Wide Sargasso Sea provides the summation and climax of Rhys's explorations. In the marriage between Antoinette Cosway and Edward Rochester, the imperial/colonial relation is clear. What were purely metaphoric expressions for psychic states in the earlier novels are actual in Wide Sargasso Sea. Antoinette is literally Rochester's prisoner in England. She is friendless, has lost her own name, and is regarded as a wild animal who must be restrained by her captors. Earlier heroines felt they were being exposed in a zoo, but Antoinette actually has a keeper in the formidable Grace Poole, a confessed "underdog" herself. This attitude toward Antoinette, like those of the Englishmen in the earlier novels, is directly ascribable to fear of, and inability to tolerate what cannot be comprehended.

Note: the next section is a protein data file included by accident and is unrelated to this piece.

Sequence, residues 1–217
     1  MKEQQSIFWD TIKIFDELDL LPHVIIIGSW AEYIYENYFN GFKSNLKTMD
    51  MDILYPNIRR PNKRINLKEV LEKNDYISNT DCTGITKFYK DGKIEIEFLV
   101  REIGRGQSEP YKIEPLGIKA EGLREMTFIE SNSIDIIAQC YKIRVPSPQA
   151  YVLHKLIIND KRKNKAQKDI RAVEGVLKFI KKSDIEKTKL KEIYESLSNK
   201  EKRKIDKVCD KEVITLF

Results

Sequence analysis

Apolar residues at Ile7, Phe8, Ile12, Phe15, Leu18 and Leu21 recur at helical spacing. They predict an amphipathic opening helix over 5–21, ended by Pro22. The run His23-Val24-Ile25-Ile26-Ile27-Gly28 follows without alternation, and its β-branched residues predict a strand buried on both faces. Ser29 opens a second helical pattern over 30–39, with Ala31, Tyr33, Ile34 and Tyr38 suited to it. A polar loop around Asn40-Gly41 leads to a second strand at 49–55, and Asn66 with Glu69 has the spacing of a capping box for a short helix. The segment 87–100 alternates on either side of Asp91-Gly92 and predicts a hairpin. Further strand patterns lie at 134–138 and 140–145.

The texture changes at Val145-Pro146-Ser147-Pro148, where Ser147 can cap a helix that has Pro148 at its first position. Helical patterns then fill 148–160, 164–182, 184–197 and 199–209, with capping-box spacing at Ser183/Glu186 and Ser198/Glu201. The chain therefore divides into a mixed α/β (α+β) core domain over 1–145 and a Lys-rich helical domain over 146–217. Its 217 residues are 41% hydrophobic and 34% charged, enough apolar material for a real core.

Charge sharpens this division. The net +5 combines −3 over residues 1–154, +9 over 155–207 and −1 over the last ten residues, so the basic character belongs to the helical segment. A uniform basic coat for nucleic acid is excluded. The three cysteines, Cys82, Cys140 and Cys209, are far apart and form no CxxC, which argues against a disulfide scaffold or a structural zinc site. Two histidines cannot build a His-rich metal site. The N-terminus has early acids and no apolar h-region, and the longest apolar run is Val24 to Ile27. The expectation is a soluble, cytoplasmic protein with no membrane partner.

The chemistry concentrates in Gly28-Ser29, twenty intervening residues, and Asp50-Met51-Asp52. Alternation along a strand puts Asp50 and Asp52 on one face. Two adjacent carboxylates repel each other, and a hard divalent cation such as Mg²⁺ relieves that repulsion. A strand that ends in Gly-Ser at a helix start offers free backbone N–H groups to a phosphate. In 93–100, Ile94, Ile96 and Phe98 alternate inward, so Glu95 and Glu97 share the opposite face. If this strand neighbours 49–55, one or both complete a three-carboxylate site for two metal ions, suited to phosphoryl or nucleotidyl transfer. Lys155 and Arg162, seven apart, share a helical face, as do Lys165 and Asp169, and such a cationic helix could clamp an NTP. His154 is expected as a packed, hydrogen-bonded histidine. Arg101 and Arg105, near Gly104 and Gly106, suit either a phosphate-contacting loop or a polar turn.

While the ultimate implications of that always-destructive colonial/imperial relation are now laid bare, so too are the very real similarities between Antoinette's fate and that of black slaves in European hands. Antoinette is bought for profit, and is regarded as exotic, hysterical, and incomprehensible by her buyer. He changes her name to a more comfortably English one, and she is dependent on him for her very existence. When she seems to show signs of rebellion she is cruelly punished, though the evidence against her is at best circumstantial. Finally she is reviled as a wild animal and confined in a cruelly uncongenial prison. Antoinette Cosway is thus shown to share the history which apparently divided her from the Blacks.